Kyle Gibson quintupled his salary Friday, the biggest raise among four Twins arbitration-eligible pitchers who settled on 2017 contracts with the team on Friday.
Gibson, the starting pitcher who earned $587,500 for a 6-11 season in 2016, will make $2.9 million in 2017, a 394 percent pay raise reflecting his veteran status upon reaching arbitration eligibility. And he’s not the only one.
Brandon Kintzler, who made $1.08 million for a season that ended with him assuming the closer’s role, agreed to a contract worth $2.925 million this season, a raise of 171 percent. Reliever Ryan Pressly will be paid $1.175 million, a 126 percent raise over his $520,000 salary last year. And Hector Santiago, the starter acquired in an Aug. 1 trade for Ricky Nolasco, settled on a 60 percent raise for 2017, lifting his $5 million salary a year ago to $8 million.
The agreements, along with the $2.6 million deal that arbitration-eligible infielder Eduardo Escobar agreed to in December, essentially settle all veteran contracts for the 2017 season, and give the Twins a projected payroll of $98 million, a decline of 6.7 percent from the $105.3 million they spent on their Opening Day roster in 2016. But the Twins also are paying the Angels $4 million toward Nolasco’s 2017 salary, bringing their outlay to at least $102 million this season.
Of that payroll, $91.05 million is committed to 12 veteran players, led by Joe Mauer’s $23 million salary for the seventh year of his eight-year contract. If the other 13 Opening Day roster spots are held by players earning the MLB minimum salary — raised to $535,000 for 2017 in the newly negotiated collective bargaining agreement — that’s another $6.955 million the Twins will owe.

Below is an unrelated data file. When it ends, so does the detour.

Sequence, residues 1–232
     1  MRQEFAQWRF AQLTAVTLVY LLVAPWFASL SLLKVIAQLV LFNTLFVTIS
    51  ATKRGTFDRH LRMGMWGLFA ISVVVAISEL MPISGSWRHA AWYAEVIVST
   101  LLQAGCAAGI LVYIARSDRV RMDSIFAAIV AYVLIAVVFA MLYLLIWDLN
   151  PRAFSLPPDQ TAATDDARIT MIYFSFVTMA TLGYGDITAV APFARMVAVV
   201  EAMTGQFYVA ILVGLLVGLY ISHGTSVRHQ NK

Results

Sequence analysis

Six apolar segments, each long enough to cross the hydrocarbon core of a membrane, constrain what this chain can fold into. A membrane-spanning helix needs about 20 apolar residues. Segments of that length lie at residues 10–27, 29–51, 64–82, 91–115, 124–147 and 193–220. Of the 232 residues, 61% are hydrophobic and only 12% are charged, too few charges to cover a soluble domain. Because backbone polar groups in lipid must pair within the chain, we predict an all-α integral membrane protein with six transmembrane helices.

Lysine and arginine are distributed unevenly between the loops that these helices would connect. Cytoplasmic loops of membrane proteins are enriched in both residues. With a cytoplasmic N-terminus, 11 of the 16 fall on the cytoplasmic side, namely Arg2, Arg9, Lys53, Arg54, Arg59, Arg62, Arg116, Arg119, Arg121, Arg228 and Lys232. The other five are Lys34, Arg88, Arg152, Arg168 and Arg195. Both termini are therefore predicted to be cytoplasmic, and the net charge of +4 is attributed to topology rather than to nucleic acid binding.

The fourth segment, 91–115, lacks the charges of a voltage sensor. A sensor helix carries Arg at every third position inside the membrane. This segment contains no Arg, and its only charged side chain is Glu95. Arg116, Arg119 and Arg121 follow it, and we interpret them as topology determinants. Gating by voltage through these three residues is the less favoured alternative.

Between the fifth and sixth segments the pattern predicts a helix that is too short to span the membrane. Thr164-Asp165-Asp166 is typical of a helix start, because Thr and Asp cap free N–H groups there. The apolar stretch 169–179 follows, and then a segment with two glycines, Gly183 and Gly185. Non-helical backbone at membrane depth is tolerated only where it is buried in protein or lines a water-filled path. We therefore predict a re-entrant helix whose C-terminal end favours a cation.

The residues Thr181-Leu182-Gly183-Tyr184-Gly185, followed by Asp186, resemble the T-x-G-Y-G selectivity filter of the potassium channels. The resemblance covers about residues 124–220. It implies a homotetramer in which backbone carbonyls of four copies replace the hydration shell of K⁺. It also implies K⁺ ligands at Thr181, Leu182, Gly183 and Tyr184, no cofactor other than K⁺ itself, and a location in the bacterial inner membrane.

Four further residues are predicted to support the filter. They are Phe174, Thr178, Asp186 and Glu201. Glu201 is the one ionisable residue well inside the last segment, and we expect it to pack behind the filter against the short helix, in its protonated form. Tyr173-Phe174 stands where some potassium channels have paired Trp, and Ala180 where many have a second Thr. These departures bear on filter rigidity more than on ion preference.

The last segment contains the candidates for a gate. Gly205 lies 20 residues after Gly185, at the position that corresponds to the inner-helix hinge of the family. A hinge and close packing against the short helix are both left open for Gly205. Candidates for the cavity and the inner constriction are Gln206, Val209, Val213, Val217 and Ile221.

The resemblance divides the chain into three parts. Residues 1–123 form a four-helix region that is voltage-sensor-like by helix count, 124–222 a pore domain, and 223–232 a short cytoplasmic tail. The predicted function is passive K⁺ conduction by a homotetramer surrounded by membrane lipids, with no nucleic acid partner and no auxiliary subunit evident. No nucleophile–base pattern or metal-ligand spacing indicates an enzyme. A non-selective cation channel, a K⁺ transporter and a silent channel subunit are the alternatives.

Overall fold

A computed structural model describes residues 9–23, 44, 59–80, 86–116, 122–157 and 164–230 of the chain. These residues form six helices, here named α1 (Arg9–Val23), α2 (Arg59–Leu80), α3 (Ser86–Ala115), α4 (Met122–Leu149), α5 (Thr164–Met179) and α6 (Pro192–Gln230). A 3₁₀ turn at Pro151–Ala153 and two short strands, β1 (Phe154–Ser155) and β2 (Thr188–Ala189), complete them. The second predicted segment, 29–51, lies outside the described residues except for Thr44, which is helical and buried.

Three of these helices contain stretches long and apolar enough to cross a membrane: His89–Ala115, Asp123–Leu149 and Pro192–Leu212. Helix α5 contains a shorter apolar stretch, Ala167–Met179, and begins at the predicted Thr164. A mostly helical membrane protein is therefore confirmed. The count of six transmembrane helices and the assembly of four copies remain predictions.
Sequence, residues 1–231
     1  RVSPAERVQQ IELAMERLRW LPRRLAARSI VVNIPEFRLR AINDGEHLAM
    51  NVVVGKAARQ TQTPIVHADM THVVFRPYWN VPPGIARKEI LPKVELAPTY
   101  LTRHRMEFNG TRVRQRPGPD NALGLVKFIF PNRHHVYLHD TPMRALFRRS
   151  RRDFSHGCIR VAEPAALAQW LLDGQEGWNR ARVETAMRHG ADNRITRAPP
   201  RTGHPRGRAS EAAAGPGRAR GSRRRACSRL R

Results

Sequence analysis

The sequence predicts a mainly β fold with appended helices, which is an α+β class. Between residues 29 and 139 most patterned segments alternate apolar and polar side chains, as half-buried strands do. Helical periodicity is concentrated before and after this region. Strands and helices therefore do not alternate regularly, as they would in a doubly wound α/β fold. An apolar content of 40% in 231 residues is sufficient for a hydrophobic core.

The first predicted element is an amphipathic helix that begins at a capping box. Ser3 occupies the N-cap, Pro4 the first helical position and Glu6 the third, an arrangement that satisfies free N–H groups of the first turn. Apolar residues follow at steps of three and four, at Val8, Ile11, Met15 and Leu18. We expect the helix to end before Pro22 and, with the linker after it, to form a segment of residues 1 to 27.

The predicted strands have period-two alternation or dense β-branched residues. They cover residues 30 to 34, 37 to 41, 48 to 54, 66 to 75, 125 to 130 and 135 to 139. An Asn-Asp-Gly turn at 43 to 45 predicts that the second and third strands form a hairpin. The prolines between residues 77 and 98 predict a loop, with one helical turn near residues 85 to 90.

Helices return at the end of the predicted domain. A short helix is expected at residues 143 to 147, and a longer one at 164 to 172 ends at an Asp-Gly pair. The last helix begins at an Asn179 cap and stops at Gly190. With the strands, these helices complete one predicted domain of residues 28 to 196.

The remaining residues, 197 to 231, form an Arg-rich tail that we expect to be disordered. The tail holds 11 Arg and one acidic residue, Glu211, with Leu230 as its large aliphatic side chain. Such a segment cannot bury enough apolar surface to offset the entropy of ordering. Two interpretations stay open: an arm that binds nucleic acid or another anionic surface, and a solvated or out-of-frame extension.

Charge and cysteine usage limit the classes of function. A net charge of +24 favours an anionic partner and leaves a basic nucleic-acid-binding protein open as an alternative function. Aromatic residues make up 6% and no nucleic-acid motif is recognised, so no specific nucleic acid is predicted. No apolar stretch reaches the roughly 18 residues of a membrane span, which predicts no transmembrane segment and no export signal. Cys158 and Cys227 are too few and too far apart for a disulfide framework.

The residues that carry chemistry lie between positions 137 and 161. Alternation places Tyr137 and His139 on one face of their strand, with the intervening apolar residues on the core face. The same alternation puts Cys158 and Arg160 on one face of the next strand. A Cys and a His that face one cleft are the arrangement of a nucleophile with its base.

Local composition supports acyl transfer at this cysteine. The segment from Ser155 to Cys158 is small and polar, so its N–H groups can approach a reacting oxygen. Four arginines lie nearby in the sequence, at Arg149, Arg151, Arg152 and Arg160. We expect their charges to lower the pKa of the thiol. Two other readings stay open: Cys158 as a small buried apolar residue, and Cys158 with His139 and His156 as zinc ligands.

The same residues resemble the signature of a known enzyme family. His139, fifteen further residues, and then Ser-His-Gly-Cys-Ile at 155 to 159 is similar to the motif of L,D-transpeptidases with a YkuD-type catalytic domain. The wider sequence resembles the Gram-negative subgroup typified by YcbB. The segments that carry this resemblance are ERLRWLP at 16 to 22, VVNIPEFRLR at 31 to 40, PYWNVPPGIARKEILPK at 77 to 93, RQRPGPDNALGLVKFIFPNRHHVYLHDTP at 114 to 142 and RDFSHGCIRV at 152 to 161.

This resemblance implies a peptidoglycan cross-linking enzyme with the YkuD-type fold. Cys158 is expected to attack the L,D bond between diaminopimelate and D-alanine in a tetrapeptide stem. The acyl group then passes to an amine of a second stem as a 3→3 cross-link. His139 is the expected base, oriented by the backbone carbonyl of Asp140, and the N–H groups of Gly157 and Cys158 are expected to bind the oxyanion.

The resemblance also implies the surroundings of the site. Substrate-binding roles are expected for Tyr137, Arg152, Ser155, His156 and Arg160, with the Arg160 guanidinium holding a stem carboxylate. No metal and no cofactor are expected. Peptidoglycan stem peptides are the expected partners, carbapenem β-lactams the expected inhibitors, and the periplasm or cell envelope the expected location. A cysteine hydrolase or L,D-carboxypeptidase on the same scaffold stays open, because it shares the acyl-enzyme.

Santiago’s salary makes the six-year veteran the fifth-highest-paid Twin for 2017, behind Mauer, Ervin Santana ($13.5 million), Phil Hughes ($13.2 million) and newly signed catcher Jason Castro ($8.5 million). Santiago and Kintzler can become free agents after the season.
It’s the 11th consecutive season that the Twins have avoided any hearings before an arbitrator to determine a player’s salary. Not since pitcher Kyle Lohse won his cases in 2005 and ’06 has the team failed to reach a salary agreement on its own.
Players become eligible for arbitration, which in most cases greatly increases their salary over MLB’s minimum pay, after they reach three seasons of service time in the major leagues. Gibson, for instance, posted a 5.07 ERA in 2016, his worst since his rookie season in 2013, but his veteran status earned him a raise.
Kintzler opened 2016 on a minor league contract, but ended it as the Twins closer after being thrust into the role by an injury to Glen Perkins and the ineffectiveness of Kevin Jepsen. Kintzler finished the season with the first 17 saves (in 20 opportunities) of his career.
Santiago posted a 5.58 ERA in 11 starts after being acquired at the trade deadline, well above his career mark of 3.84. But he won three starts after Sept. 1, posting a 3.75 ERA in that span, putting him in line for an additional $3 million salary in 2017.